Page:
Ah, summer! The sun, the beach, the ice cream cone … but also the stifling heat, even in the northernmost cities. Is this normal? With a new heatwave in mid-July 2022, the question of global warming is more than ever on everyone’s lips. How has it evolved over the last few years, and above all, what does it predict for the future?
Last December, the CNRS (Centre National de Recherche Scientifique), in collaboration with Météo France, the European Climate Prediction System and the European Union, put out a video which offers a visualisation of Europe’s climate in 2050.
Indeed, thanks to scientific advances, we can already have a precise and located idea of the climate in 2050 if nothing changes. Beyond the terrifying effect of such projections, they allow us to better anticipate the necessary future adaptations.
Here, we are told that the Earth’s climate has never been immutable; it has always evolved naturally with variations that are generally almost imperceptible on the human time scale. Today, however, this is no longer true, as global warming is accelerating at an unprecedented rate and force – and it is not getting any better over time. By way of comparison, the Earth gained one degree Celsius between 1850 and 2021, in 170 years. We are expected to gain 2 degrees by 2050, in less than 30 years.
Where does this come from? We know that global warming is a direct consequence of the use of greenhouse gases generated by human activity (industry, transport, agriculture, etc.). Let’s be clear – there is nothing we can do about the past emissions that started the global warming process. What we can do, however, is reduce greenhouse gas emissions to reduce the impact on the future.
This is precisely the aim of the measures taken by many of the world’s nations under the Paris Agreements (signed at the end of 2016). The aim of these agreements is to mitigate the effects of climate change and stabilise global warming below two degrees, rather than the four degrees expected if nothing is done.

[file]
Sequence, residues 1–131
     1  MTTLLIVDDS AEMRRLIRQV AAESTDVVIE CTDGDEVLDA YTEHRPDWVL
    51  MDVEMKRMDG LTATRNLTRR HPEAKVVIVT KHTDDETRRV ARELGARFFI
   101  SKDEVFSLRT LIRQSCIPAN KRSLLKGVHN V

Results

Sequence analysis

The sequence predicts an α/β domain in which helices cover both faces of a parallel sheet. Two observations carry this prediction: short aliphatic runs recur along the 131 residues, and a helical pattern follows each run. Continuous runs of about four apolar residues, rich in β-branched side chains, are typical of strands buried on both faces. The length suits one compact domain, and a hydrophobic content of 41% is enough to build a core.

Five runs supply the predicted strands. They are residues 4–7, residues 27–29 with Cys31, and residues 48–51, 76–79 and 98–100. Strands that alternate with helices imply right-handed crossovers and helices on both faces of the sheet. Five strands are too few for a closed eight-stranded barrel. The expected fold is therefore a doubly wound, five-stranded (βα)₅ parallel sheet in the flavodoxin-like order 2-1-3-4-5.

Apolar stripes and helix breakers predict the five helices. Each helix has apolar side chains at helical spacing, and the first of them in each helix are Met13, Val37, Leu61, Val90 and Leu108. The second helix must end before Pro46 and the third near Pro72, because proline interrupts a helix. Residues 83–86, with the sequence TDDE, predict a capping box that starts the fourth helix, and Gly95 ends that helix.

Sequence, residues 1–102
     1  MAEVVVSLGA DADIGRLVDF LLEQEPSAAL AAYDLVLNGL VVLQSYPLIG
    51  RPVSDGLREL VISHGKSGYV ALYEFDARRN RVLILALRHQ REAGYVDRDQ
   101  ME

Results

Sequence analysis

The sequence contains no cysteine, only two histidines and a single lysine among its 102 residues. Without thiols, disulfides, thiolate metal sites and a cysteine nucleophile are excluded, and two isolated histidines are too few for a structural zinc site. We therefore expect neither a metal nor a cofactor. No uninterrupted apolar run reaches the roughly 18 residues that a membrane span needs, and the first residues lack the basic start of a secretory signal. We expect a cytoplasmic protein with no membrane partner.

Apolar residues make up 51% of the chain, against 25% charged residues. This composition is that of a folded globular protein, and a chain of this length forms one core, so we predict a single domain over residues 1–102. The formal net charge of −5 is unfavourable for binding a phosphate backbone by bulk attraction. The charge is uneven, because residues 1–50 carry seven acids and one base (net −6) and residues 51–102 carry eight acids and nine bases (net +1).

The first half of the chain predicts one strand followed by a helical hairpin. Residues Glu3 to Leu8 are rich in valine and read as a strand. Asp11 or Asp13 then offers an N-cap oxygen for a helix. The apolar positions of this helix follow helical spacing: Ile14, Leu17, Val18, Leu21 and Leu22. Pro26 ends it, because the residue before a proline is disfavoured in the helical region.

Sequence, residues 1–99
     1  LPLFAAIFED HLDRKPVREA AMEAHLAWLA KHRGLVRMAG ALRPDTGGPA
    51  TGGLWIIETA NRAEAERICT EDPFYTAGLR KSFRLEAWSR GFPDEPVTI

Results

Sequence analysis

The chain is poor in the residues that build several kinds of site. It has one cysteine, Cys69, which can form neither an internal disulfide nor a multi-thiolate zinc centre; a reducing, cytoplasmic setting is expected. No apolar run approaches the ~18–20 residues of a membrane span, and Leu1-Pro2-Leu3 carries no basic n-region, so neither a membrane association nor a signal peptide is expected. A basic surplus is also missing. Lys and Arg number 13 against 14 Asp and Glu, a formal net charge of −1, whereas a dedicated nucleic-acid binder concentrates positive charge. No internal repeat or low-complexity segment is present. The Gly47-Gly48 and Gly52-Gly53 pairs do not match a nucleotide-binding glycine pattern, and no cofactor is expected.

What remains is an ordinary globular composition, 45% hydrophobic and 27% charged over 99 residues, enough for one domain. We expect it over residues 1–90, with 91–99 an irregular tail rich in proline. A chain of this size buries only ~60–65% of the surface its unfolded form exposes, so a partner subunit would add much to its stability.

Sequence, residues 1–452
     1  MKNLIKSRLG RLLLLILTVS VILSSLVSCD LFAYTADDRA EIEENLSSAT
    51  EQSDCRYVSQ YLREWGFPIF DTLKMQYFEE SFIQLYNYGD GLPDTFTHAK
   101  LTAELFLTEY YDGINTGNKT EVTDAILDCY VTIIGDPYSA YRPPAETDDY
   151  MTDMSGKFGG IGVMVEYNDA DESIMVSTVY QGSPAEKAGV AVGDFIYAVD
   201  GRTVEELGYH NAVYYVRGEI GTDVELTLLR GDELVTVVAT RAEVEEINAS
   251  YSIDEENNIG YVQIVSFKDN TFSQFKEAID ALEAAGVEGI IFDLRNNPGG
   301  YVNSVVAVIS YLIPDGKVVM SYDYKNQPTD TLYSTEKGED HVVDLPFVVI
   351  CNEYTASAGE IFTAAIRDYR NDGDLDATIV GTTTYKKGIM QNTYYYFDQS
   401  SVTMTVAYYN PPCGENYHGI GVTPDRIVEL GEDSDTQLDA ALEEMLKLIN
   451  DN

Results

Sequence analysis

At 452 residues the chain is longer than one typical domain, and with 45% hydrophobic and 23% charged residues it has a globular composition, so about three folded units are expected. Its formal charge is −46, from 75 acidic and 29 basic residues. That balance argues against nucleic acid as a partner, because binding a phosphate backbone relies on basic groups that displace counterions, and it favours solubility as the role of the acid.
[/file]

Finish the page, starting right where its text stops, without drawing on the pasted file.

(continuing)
Global warming is global (duh), but its impact varies across the world. Global warming in continental Europe (yes, that’s us!) would be higher than the global average: +3 degrees (instead of 2).
Summer in 2050 will be far from the dream postcard: in the Mediterranean basin, which will suffer more from the impacts of global warming, it will be hot and dry. Andalusia, for example, could reach 40° more than 20 days per year. Even a city like Berlin would regularly exceed 35°. In general, heatwaves (like the one we are currently experiencing) will be much more recurrent.
The only positive point is that the increase in solar radiation at the surface could boost solar energy production. But this is a meagre compensation.
More sunshine does not mean less rain – on the contrary! Global warming would lead to heavier and longer rains, especially in autumn, with an increasing risk of flooding. In winter, an increase of almost 3.5° in temperature (especially in Northern & Eastern Europe) would lead to less frost, less snow and more ice melting (especially as global warming is faster in the mountains than in the plains).
The climate in cities will also change, accentuated by the ‘urban heat island phenomenon‘ which generates more heat in cities than in the countryside. One only has to look at Paris or Brussels during heatwaves to see a recent example. In 2050, London’s climate will resemble Barcelona’s in 2000; Paris will be the equivalent of Istanbul.
Europe, like the rest of the world, will therefore have to adapt. Every citizen, European or not, will have a role to play. Curbing global warming can only be done collectively.